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4 dead after plane that flew over DC and led to fighter jet scramble crashes in Virginia

NORAD F-16 planes were authorized to travel at "supersonic speeds" to catch up to a Cessna plane with an unresponsive pilot.

WASHINGTON — If you heard a loud boom in the D.C. area on Sunday afternoon and wondered what it was, officials are calling it a "sonic boom" caused by military planes traveling at high speeds to intercept an unresponsive plane that ended up crashing in Virginia.   

Just after 3 p.m. social media lit up with reports from all across the DMV that a loud boom had been felt and heard. Everything ranging from an earthquake to a meteor crash and gas explosions were being discussed as a cause. By 6:45 p.m. the North American Aerospace Defense Command (NORAD) had put out a statement. 

"In coordination with the Federal Aviation Administration, NORAD F-16 fighter aircraft responded to an unresponsive Cessna 560 Citation V aircraft over Washington, D.C., and northern Virginia on June 4, 2023," the statement read. "The NORAD aircraft were authorized to travel at supersonic speeds and a sonic boom may have been heard by residents of the region."

The fighter jets were able to intercept the pilot around 3:20 p.m.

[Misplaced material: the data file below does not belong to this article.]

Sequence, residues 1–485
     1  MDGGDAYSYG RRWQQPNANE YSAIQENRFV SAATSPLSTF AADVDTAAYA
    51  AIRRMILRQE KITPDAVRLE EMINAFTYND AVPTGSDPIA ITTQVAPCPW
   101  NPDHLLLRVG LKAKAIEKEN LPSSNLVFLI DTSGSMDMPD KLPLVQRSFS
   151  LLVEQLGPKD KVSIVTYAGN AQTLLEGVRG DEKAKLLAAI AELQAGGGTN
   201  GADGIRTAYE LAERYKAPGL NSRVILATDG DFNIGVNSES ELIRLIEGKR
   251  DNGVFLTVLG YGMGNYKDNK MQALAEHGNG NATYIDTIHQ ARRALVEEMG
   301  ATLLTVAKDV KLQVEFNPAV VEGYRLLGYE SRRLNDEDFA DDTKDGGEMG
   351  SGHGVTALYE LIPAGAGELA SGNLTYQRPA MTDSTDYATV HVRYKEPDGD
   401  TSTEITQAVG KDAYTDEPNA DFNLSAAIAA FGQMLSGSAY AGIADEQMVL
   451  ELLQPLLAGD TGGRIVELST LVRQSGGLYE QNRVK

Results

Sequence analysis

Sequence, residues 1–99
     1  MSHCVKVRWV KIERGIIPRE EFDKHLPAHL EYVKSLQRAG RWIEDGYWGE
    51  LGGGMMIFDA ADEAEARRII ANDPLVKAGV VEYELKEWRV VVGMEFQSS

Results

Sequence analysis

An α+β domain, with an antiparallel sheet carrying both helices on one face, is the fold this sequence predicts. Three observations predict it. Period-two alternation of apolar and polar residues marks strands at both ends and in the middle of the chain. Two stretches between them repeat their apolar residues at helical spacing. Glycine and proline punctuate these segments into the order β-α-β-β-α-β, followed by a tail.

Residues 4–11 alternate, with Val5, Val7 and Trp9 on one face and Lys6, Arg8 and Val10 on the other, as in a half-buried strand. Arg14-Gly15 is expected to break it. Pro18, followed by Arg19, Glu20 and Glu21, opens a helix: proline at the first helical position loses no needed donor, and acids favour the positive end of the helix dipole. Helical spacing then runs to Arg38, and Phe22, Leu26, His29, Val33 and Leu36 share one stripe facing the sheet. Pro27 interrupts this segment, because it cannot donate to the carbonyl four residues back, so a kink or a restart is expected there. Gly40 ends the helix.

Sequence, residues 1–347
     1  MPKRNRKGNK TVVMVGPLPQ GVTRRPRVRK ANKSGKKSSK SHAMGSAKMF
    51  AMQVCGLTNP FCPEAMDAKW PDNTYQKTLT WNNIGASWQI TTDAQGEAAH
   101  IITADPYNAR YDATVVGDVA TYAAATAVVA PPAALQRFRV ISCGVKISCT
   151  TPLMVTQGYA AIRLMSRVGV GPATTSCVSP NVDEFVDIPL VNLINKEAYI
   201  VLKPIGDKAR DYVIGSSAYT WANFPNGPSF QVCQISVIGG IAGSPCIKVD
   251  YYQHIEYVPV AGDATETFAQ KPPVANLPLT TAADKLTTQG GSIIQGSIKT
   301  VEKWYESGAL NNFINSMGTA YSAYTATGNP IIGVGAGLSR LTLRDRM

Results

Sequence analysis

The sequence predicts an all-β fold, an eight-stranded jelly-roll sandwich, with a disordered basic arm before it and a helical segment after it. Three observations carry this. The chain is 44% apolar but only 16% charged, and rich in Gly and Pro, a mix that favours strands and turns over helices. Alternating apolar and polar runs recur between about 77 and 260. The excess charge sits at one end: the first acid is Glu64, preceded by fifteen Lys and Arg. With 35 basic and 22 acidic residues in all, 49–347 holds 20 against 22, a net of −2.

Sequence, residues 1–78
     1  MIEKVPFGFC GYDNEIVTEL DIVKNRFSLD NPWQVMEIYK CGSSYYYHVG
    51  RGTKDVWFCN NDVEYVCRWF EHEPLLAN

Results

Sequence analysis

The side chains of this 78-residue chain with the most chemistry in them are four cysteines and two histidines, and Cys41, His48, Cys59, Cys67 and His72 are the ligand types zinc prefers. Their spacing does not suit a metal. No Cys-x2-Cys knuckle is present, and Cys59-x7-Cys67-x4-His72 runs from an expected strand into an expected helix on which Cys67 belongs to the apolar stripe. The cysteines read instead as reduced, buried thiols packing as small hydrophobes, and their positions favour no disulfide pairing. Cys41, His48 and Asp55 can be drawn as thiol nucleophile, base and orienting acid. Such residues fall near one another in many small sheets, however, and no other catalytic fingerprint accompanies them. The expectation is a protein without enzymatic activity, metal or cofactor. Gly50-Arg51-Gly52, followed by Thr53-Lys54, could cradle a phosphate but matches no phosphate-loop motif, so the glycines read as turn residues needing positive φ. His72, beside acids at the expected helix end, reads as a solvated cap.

"The pilot was unresponsive and the Cessna subsequently crashed near the George Washington National Forest, Virginia," NORAD said. 

The plane that crashed was registered to Encore Motors of Melbourne Inc. John Rumpel, who runs the company, told The New York Times that his daughter, 2-year-old granddaughter, her nanny and the pilot were aboard the plane. They were returning to their home in East Hampton, on Long Island, after visiting his house in North Carolina, he said. 

At 8 p.m., first responders were able to reach the crash site by foot in a rural part of the Shenandoah Valley.

State police has suspended its search efforts.

No survivors were located.

It was not immediately clear why the plane was nonresponsive, why it crashed or how many people were on board.  

READ: The full NORAD statement below:

The FAA also confirmed that a Cessna Citation jet crashed in the area of Montebello, Virginia. The aircraft took off from Elizabethton Municipal Airport in Tennessee, and was bound for Long Island MacArthur Airport in New York.

FAA officials say the National Transportation Safety Board will lead the investigation into the crash. 

A sonic boom is defined as "a loud explosive noise caused by the shock wave from an aircraft traveling faster than the speed of sound."

The Capitol Police said that due to the flight activity, the Capitol was placed on a brief "elevated alert." 

“This afternoon, our officials were working closely with our federal partners to monitor an unresponsive pilot who was flying an airplane near the National Capital Region," USCP wrote in a statement. "The U.S. Capitol Complex was briefly placed on an elevated alert until the airplane left the area."

Secret Service said nothing about protection details for the president were changed during the event. 

WUSA9 received video and heard from multiple witnesses who said the boom shook their homes.


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